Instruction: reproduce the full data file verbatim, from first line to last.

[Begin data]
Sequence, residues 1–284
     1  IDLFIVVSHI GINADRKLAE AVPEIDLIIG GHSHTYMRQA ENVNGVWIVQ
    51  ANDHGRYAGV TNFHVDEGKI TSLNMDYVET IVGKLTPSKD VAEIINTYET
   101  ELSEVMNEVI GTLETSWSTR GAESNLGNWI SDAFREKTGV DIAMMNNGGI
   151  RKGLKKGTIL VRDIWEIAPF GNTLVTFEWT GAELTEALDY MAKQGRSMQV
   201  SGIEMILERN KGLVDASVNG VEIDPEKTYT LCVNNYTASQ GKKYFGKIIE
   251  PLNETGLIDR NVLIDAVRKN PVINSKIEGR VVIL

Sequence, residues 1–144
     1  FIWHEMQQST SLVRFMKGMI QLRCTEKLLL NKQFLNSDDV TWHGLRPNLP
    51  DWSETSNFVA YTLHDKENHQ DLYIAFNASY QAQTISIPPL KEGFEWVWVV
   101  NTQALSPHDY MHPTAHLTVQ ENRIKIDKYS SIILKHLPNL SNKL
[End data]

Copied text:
Sequence, residues 1–284
     1  IDLFIVVSHI GINADRKLAE AVPEIDLIIG GHSHTYMRQA ENVNGVWIVQ
    51  ANDHGRYAGV TNFHVDEGKI TSLNMDYVET IVGKLTPSKD VAEIINTYET
   101  ELSEVMNEVI GTLETSWSTR GAESNLGNWI SDAFREKTGV DIAMMNNGGI
   151  RKGLKKGTIL VRDIWEIAPF GNTLVTFEWT GAELTEALDY MAKQGRSMQV
   201  SGIEMILERN KGLVDASVNG VEIDPEKTYT LCVNNYTASQ GKKYFGKIIE
   251  PLNETGLIDR NVLIDAVRKN PVINSKIEGR VVIL

Sequence, residues 1–144
     1  FIWHEMQQST SLVRFMKGMI QLRCTEKLLL NKQFLNSDDV TWHGLRPNLP
    51  DWSETSNFVA YTLHDKENHQ DLYIAFNASY QAQTISIPPL KEGFEWVWVV
   101  NTQALSPHDY MHPTAHLTVQ ENRIKIDKYS SIILKHLPNL SNKL